Four hours of fitful sleep, punctuated by a distant AM talk radio station, is not really sleep at all.  It's not a nightmare, and it's not purgatory.  My mind was on the task to come, but my heart was contemplating what I'd done.  I have never seen an animal fight so hard for its life.  In the face of the inevitable, Old Mr. Bear had decided "No, not yet.  Not now."  I cut off his internal dialogue but I was sorry to have done it in the end.  I resolved right there and then that I would never hunt bears again. Period.  It has nothing to do with the work involved. The challenge kept me going.  The long-lost connection to a way of life that assumed such efforts as part and parcel of daily life rang strong.  "So this is how it used to be, more or less.  This was survival.  This was what life once was.  Sure, the whole village would help, but it was this.  The hunt.  The stalk.  The kill.  The butchering.  The processing.  The eventual feast and joy for another meal."  I never experienced that train of thought over a dead deer or a dead pig.  Maybe because I don't associate such strength and power with deer and pigs.  Certainly the sense of thanks and gratitude was there.  The twinge of remorse at ending another life was there, as always.  But the deeper connection to races of people, long ancient and mostly forgotten, was never there before last night.  So that's what it was and that's what it is.  The rest of my thoughts were matters of "", with answers of "Long, painful, time consuming, but doable.  Tough shit.  Suck it up and deal, shithead."  "OK."

Morning came and I drove back to that first blockade.  On a hunch I stopped at the skidder/scraper and left a note saying, in effect, "Hey, I'm down there.  If you plan to fuck me MORE, sound your horn or something so I know and I can scoot out of the way.  Thanks."  Just as I was about to leave the truck, I heard a diesel pickup coming up the road from camp.  "No fucking way.  No one is going to be hauling ass down here in a truck at 7AM to hunt."  Sure enough, two guys pull up, friendly as all hell.  I asked them about the road.  Turns out no one was supposed to be back until next week.  They got a call late Tuesday night about 10:30PM (about the time I started hauling bear parts to the truck!) saying "Open the road, the logging crew needs more brush removed before they want to log the stands out and salvage the culls."  So yes, those guys were going to smash down those berms and open the road. They even offered to pull the bear out with the skidder if they could get it in there (they couldn't).  In the span of 15 minutes they turned what would have been at least 4, and maybe 6, hikes with bear parts in tow, into a single drag of 60 yards to the road and getting this animal into the truck.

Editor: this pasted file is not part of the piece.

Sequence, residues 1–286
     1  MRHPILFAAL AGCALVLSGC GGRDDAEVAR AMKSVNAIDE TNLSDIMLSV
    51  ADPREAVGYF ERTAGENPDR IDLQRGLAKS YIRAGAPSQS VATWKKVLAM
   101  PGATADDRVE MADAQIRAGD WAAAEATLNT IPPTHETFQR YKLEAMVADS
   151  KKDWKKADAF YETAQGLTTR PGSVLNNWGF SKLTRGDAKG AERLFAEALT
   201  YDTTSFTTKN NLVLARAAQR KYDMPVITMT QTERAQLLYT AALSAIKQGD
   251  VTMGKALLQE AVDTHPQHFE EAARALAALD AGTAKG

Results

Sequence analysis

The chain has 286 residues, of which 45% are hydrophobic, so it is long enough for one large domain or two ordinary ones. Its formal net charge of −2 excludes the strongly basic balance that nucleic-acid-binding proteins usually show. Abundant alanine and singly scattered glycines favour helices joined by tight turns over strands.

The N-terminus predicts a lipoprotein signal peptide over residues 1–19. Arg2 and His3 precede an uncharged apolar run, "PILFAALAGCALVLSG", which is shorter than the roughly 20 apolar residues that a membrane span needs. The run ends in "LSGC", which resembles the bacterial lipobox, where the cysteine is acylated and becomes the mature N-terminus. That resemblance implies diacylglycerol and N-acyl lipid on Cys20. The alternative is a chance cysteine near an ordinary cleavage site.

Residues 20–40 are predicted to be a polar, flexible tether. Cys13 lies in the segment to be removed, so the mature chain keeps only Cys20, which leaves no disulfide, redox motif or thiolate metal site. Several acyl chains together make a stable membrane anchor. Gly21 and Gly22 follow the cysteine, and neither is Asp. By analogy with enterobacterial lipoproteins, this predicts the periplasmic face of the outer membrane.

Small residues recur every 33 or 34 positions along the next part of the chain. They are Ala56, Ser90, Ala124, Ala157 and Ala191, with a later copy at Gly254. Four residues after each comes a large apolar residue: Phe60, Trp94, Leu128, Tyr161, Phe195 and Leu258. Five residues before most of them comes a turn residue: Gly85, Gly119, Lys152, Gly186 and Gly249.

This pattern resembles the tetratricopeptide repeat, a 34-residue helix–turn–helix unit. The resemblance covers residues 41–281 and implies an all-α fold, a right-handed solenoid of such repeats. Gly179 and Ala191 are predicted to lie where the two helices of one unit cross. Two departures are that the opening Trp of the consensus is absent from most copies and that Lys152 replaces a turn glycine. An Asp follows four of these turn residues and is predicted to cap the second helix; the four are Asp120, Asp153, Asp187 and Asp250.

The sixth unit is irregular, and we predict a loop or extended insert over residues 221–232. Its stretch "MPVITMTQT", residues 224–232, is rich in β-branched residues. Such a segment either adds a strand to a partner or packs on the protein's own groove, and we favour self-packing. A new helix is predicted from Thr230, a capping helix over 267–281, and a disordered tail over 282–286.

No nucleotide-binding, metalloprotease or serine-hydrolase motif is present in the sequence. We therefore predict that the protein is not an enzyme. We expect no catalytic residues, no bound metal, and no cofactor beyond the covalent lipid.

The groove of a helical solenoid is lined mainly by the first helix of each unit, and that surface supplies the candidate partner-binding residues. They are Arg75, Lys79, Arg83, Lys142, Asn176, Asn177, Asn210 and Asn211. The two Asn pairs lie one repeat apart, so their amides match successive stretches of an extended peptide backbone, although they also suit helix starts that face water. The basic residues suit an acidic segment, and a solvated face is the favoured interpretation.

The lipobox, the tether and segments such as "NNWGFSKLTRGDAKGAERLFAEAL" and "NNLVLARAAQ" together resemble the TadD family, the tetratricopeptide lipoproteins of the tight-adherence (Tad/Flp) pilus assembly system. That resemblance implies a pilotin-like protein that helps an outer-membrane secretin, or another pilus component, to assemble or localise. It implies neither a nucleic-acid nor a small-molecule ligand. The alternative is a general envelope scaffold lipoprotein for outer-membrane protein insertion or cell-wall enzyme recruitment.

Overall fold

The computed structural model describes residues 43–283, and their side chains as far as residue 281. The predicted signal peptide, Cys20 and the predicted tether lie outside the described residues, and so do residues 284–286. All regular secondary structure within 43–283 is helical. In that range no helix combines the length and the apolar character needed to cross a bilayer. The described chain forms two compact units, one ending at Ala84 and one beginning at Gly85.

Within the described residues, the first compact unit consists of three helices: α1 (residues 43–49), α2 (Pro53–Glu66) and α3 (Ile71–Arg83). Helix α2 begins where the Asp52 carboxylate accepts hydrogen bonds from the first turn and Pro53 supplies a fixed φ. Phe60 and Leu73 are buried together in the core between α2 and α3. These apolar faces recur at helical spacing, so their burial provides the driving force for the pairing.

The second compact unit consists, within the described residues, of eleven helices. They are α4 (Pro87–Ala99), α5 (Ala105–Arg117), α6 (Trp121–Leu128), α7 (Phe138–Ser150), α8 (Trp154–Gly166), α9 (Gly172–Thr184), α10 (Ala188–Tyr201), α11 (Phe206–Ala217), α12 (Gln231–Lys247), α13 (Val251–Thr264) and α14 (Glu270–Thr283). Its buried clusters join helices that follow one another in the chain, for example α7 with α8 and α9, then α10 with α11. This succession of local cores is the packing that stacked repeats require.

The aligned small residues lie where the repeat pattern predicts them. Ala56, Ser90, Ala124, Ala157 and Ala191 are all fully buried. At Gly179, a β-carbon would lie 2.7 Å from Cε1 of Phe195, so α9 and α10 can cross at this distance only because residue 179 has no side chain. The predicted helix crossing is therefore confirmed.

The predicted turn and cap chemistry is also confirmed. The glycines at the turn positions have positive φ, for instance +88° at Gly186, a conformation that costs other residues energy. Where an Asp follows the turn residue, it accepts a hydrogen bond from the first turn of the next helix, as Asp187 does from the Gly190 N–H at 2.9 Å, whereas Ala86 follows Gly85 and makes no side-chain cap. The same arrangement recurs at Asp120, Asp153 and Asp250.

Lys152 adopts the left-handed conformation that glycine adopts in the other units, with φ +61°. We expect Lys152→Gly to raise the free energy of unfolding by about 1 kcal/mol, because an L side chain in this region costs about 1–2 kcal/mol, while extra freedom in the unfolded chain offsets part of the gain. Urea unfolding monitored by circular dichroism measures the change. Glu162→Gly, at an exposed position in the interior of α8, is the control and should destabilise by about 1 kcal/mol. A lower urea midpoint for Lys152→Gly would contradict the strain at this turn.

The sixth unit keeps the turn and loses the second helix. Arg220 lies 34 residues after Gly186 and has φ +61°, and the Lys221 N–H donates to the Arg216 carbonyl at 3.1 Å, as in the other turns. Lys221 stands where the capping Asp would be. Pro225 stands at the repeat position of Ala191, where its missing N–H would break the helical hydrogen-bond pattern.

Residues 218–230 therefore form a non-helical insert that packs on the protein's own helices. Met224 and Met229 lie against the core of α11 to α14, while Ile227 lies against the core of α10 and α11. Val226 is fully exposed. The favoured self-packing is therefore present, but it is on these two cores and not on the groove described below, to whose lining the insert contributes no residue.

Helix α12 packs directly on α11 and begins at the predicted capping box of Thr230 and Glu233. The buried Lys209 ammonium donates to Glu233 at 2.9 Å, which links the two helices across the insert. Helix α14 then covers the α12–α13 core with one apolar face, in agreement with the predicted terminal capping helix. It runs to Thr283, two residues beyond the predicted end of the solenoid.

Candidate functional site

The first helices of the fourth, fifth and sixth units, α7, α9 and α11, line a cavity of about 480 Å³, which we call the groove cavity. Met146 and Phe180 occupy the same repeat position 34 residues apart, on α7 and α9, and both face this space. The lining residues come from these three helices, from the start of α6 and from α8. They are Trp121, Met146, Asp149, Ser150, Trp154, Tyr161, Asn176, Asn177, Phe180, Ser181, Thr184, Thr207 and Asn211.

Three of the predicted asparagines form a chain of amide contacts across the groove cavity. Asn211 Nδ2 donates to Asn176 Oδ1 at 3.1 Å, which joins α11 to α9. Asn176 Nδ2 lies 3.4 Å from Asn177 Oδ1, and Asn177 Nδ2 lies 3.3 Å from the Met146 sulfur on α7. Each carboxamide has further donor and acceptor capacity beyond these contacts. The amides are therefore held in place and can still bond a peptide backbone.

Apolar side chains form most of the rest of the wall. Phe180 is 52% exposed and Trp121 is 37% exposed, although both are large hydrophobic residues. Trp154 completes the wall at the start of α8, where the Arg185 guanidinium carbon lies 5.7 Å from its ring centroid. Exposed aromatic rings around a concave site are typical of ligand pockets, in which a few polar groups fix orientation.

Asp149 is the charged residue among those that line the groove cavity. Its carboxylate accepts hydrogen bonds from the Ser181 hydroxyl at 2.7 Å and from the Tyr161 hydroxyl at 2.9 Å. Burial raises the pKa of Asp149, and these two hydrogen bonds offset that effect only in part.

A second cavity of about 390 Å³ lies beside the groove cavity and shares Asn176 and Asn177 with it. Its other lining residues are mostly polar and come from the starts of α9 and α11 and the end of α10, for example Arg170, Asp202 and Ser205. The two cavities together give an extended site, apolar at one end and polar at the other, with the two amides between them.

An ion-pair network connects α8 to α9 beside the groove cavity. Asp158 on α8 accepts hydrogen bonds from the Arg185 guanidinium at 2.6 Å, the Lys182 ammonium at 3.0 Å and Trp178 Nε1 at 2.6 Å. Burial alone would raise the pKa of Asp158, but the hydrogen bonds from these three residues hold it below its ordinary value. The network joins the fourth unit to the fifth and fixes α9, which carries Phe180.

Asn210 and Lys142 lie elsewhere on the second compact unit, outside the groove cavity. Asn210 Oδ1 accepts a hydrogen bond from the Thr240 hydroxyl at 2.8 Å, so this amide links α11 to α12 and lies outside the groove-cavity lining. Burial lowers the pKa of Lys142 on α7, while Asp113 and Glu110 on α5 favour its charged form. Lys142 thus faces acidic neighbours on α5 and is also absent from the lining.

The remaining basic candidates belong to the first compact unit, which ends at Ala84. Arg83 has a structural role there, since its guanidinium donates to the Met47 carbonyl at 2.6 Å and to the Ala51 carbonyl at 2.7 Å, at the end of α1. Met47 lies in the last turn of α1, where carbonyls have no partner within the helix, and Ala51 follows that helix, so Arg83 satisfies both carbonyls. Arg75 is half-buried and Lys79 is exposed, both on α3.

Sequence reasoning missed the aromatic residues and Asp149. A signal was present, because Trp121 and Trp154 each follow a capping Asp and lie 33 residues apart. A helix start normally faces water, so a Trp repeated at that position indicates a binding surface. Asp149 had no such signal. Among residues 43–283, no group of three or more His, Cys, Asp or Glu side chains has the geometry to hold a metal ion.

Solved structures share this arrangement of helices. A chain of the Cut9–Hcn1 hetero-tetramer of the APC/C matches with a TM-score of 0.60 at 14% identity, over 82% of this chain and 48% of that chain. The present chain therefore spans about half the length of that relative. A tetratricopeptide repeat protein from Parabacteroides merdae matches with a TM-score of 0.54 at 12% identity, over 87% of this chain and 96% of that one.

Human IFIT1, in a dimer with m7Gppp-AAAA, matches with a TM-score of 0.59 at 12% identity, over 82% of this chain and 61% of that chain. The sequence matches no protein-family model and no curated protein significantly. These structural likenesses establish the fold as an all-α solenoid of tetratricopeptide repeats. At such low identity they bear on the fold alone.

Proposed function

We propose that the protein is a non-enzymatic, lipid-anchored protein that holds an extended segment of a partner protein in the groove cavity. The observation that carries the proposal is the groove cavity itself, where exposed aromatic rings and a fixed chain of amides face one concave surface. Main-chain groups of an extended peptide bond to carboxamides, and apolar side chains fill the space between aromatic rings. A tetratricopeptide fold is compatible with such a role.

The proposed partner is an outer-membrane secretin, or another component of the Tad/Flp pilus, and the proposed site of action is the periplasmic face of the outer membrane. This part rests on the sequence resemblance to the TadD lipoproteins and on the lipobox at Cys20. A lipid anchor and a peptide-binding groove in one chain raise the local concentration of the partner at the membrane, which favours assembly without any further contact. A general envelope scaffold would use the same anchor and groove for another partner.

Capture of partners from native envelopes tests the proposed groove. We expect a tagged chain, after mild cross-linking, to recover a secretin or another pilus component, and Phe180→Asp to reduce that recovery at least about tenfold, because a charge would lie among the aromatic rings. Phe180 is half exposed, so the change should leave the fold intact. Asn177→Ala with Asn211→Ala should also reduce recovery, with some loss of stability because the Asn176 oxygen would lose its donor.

"I love it when a plan comes together" was more like "My lucky day, no questions asked, no reason sought.  Thanks!"

I got to the bear and dragged it to the road.  60 yards. 45 minutes.  200 pounds.  Me and a pair of leather gloves.  You figure it out.  Because I've done it, but someone forgot the get the t-shirts made. From the ground to the tailgate and into the bed was another 30 minute trick.  I would like to say physics and intelligence and wit played their roles in that job, but they didn't.  No handy trees, winch on the wrong end of the truck, no come-along, levers or ramps.  Just brute strength, determination and a constant, cussing hatred of gravity.  I wish I lifted heavier weights.  But whatever I lift, it was heavy enough.